New biography sheds light on comic genius of Douglas Adams
Save us from small screen superheroes

Save us from small screen superheroes

Shows like Agents of S.H.I.E.L.D are little more than marketing tools
Reach for the skies

Reach for the skies

From pools to football pitches, rooftop living is looking up
These are the 12 best hotel spas in the UK

12 best hotel spas in the UK

Some hotels go all out on facilities; others stand out for the sheer quality of treatments
These Iranian-controlled Shia militias used to specialise in killing American soldiers. Now they are fighting Isis, backed up by US airstrikes

Widespread fear of Isis is producing strange bedfellows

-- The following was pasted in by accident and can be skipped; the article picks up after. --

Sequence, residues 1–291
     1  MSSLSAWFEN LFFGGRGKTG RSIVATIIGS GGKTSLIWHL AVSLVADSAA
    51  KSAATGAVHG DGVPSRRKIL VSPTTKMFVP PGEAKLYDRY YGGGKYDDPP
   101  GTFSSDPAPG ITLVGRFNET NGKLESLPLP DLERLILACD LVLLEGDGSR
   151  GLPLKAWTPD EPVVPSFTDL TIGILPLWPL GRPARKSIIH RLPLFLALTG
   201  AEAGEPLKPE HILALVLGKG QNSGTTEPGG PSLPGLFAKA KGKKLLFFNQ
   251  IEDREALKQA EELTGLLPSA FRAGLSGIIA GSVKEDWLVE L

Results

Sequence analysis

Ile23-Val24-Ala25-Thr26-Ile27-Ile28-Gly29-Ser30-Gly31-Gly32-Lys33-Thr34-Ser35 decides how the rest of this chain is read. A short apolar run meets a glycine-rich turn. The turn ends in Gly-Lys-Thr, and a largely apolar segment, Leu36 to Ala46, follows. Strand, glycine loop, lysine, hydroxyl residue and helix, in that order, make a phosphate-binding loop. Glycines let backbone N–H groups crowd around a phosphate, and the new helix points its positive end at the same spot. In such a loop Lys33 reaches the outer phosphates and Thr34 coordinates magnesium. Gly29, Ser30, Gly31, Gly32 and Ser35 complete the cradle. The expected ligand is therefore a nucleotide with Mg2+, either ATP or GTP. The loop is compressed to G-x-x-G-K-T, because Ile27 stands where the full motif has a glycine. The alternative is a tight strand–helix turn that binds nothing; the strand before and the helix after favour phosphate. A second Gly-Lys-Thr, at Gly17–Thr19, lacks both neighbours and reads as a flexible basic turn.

Iranian-controlled Shia militias that used to kill American soldiers are now fighting Isis, helped by US airstrikes
Topshop goes part Athena poster, part last spring Prada

Topshop goes part Athena poster, part last spring Prada

Shoppers don't come to Topshop for the unique
How to make a Lego masterpiece

How to make a Lego masterpiece

Toy breaks out of the nursery and heads for the gallery
Meet the ‘Endies’ – city dwellers who are too poor to have fun

Meet the ‘Endies’ – city dwellers who are too poor to have fun

Urbanites are cursed with an acronym pointing to Employed but No Disposable Income or Savings
Paisley’s decision to make peace with IRA enemies might remind the Arabs of Sadat

Ian Paisley’s decision to make peace with his IRA enemies

His Save Ulster from Sodomy campaign would surely have been supported by many a Sunni imam